The advance story on today’s game discusses Glenn Coleman and Willis Wright. I wrote most of the story Monday, intending it to run in Tuesday’s Herald. However we’ve scaled back coverage at 1-7, so I holstered it to use it as the advance. Coincidentally, i think they’ll be the keys if FIU wants to score enough to keep up with Western Kentucky.
Last year, Western ran the old USC-O.J. Simpson offense with running back Bobby Rainey. Run him left, right, up the middle – “The ball isn’t very heavy and he doesn’t belong to any union,” then-USC coach John McKay once said of Simpson’s heavy workload – throw to him and make the quarterback do as little as possible.
This year, quarterback Kawaun Jakes ranks ninth nationally in passing efficiency. Jakes is still is no Bernie Kosar – more like Frank Costa – yet works better off Western’s running game than last year, now with Antonio Andrews in the Bobby Rainey role. Western likes the double tight end look and the best of them is Jack Doyle (Cathedral in the house!), the Hilltopppers leading receiver with 33 catches, but only 9.8 yards per catch. Also, fullback Kadeem Jones plays the ever-helpful Thing role (not to be confused with The Thing except by size) by doing whatever’s necessary – the occasional needed run (5.9 per carry) or catch (three touchdowns in 11 catches), lead blocker, pass protector.
Andrews is the second-leading receiver. Jakes’ longest completion this year is 40 yards. They’ve allowed only 15 sacks. Essentially, don’t expect a lot of deep drop, long-developing plays. That’s not Jakes’ strength and if you’re running the ball well, mixing in short throws, you’re not going to be in situations where you need to do that, especially on third down. Western coach Willie Taggart, a man deservedly very confident in his own team, can make the FIU pass rush sound like a collegiate Fearsome Foursome while figuring they won’t have many opportunities to do what he says they can do.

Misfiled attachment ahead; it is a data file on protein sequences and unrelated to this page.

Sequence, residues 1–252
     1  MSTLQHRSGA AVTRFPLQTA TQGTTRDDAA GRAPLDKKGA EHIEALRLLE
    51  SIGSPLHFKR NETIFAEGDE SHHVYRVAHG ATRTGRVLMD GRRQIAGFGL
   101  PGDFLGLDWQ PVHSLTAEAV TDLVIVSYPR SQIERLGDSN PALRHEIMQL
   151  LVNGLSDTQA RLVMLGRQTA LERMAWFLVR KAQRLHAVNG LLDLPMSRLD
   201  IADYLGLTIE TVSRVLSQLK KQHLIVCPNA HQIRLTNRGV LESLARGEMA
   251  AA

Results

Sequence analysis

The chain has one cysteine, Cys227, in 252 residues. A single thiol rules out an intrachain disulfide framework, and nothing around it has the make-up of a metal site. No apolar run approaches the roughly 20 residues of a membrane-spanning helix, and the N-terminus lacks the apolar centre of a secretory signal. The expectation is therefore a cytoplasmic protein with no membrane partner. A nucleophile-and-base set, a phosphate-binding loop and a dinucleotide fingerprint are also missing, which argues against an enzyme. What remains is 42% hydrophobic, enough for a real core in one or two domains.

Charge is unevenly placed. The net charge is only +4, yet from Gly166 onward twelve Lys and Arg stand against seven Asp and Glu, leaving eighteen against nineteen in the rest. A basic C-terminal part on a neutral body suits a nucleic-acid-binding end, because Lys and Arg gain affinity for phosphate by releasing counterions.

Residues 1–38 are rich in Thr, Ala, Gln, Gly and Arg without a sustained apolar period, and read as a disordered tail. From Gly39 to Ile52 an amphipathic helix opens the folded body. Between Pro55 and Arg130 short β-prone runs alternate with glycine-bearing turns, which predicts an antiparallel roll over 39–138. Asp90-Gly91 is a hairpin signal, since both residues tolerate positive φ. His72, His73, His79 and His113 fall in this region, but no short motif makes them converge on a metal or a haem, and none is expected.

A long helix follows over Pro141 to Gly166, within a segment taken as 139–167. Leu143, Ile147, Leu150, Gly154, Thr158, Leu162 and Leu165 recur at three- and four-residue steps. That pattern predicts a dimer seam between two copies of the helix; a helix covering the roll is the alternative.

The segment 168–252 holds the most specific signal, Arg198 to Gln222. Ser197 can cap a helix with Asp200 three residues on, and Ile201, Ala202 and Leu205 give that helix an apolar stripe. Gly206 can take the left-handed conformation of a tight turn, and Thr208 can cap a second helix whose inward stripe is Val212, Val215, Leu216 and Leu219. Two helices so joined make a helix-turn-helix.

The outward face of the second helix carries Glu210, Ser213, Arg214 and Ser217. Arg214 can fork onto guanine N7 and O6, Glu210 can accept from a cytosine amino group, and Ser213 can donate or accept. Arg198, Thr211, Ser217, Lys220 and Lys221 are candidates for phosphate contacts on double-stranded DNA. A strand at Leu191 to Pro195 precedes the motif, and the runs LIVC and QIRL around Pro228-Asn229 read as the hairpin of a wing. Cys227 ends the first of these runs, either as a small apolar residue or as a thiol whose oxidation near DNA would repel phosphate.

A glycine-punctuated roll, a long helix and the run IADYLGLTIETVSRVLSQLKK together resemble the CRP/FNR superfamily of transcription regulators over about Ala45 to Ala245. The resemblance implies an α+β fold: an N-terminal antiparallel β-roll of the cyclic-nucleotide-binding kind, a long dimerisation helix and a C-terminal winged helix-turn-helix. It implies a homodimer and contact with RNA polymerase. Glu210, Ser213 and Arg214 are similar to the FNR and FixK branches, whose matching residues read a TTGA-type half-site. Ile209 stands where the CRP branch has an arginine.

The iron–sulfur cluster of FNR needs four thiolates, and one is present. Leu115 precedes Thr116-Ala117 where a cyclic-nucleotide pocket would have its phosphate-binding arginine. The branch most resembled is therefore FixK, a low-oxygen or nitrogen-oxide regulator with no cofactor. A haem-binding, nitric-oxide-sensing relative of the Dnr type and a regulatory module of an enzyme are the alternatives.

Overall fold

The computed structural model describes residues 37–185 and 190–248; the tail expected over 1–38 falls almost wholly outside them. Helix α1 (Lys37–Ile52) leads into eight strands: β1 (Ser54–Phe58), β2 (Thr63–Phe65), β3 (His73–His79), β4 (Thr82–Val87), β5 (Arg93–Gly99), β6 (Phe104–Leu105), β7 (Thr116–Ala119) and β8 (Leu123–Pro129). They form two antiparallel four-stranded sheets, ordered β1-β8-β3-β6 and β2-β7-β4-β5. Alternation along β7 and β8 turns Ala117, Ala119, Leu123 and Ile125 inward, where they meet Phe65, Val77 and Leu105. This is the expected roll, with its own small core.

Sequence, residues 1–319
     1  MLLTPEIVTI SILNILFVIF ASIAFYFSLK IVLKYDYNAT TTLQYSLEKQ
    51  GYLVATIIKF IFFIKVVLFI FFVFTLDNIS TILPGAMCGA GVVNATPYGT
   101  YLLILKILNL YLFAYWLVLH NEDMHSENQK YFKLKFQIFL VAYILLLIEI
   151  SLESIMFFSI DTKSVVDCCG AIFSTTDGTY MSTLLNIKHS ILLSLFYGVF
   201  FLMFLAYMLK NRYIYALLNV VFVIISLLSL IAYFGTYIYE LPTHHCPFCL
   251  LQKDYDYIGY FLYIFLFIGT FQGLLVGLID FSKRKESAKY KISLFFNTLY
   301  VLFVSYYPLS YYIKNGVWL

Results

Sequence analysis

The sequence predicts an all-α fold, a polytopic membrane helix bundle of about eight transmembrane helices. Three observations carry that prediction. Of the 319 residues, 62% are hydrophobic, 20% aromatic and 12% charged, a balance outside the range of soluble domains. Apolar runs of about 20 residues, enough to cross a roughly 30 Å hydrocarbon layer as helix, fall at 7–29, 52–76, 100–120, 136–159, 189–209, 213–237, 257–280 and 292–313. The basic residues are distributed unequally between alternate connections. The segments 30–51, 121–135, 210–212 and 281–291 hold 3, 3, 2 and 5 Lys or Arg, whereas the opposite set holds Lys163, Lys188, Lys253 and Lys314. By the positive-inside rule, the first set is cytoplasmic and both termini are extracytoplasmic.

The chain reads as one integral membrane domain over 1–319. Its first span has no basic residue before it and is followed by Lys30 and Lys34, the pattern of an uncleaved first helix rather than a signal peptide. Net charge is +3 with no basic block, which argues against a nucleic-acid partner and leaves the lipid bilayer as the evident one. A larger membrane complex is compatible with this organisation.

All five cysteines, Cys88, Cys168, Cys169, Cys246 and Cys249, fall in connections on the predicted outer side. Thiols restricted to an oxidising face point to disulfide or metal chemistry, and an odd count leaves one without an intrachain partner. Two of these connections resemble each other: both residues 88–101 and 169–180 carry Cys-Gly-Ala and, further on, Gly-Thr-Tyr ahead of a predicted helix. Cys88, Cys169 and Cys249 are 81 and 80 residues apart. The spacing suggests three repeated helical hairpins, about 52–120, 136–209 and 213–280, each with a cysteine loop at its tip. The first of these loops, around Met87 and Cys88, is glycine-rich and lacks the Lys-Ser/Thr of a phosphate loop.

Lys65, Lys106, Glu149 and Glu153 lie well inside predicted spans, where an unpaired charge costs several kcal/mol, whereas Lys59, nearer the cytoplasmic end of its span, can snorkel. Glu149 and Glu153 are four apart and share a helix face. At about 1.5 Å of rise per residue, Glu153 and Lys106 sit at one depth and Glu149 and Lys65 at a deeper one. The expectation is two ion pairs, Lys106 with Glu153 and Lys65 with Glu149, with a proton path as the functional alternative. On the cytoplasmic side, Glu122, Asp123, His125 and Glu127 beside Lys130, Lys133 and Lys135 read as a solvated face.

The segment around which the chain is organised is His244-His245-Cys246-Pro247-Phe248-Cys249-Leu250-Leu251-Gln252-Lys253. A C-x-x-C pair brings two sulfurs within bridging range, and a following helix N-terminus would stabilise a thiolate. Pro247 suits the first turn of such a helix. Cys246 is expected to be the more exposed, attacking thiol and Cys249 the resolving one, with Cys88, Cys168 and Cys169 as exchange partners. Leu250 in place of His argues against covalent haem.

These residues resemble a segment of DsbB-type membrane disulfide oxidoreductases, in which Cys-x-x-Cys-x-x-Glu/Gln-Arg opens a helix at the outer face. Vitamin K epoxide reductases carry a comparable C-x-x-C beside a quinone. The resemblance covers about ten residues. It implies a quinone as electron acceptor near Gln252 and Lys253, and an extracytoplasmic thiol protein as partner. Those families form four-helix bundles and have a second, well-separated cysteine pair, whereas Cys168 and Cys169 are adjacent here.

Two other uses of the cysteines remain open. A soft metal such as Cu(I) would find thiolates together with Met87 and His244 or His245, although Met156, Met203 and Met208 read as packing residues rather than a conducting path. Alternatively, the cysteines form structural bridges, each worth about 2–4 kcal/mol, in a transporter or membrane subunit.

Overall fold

“They’re athletic, physical. I would say by far overall, the most athletic defense we’ve faced this year,” Taggart said at his Thursday media session. “Their defensive line is really good. Its pass rush wiil the best pass rushing D-line we’ve faced this year, that’s including Alabama. Alabama has a great defense overall and does a lot of good things, but these guys do a really good job of pass rushing, getting up the field.”
Here’s what’s most impressive about Western’s offense: they’re 48 of 91, 52.7 percent, on third down. Getting them off the field is harder than getting college graduates out of the house these days.
So, FIU’s run defense, which got trampled by Middle Tennessee’s Benny Cunningham, and linebacker/defensive end pass coverage will be tested more than any other tonight. In some ways, that’s better for FIU than its shredded secondary. If Western starts to make plays downfield, send in the clowns.
On the other side, the Hillpeople give up only 3.5 yards per carry and that’s not because of sacks – they have only 20. That’s just good run defense like they’ve played the last two seasons. They’ve got a ferocious, scary linebacker in Andrew Jackson and an excellent defensive end in Quanterus Smith, who leads the team in sacks.
Here’s why I see Wright and Coleman as even more important than they’ve been the last two weeks. I looked over the scoring drives Western’s allowed in its last six games (Austin Peay? Austin Please, I’m not counting that). There’s not much grind-it-out on the H-tops. They’ll play Patton vs. Rommel all day and be happier than a pig in Paducah. You have to, at some point, make a big strike. Not one or a few 10-15 yard plays. You have to rip off a pass over 30 yards, two 20-29-yard throws or a 20-yard run. A real thicker-than-a-Snicker chunk.
Western likes to play man coverage downfield. Troy went over the top on the Hills and had them on the ropes early. Louisiana-Monroe moved the ball well on them in a wild comeback last week. FIU should have its chances. If FIU executes early and gets up big as it did the last two games, Western’s not as equipped to come back from 16 or 17 points down. Also, I see FIU running the ball on Western a little better than it did last year. Not overwhelming Western, but maybe having just enough success to keep Western off balance.
In special teams, Andrews averages 30.4 yards per kickoff return and 14.3 yards per punt return. Opponents average 12.7 yards per punt return on the Hi-tops, but that might be a moot point – Western doesn’t punt often and FIU’s to the point of being just happy to get through the play without a muff or fumble.
Another tough call. Western 28, FIU 27.
But that’s just one black man’s opinion. I could be wrong.
When Middle Tennessee tied Western Kentucky Friday night, it left Middle, North Texas and FIU all at 8-1-1 in the Sun Belt and with a share of the regular season title.
That's the title of limited meaning. For the one that gets you into the NCAA tournament, the Sun Belt tournament title, a tie with North Texas and a loss to Middle leaves FIU seeded third. The Panthers will play Troy (9-9-2, 4-5-1 in conference) on Wednesday. FIU won at Troy, 2-1, on Sept. 23.